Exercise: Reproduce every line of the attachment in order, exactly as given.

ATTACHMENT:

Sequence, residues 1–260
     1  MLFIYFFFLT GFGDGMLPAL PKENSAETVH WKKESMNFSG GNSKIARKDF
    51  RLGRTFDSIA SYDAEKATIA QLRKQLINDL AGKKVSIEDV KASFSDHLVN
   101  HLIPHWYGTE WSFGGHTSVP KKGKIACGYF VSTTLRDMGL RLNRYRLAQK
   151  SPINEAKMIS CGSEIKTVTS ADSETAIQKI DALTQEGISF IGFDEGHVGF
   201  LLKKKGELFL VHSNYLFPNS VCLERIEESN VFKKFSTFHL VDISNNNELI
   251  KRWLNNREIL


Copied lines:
Sequence, residues 1–260
     1  MLFIYFFFLT GFGDGMLPAL PKENSAETVH WKKESMNFSG GNSKIARKDF
    51  RLGRTFDSIA SYDAEKATIA QLRKQLINDL AGKKVSIEDV KASFSDHLVN
   101  HLIPHWYGTE WSFGGHTSVP KKGKIACGYF VSTTLRDMGL RLNRYRLAQK
   151  SPINEAKMIS CGSEIKTVTS ADSETAIQKI DALTQEGISF IGFDEGHVGF
   201  LLKKKGELFL VHSNYLFPNS VCLERIEESN VFKKFSTFHL VDISNNNELI
   251  KRWLNNREIL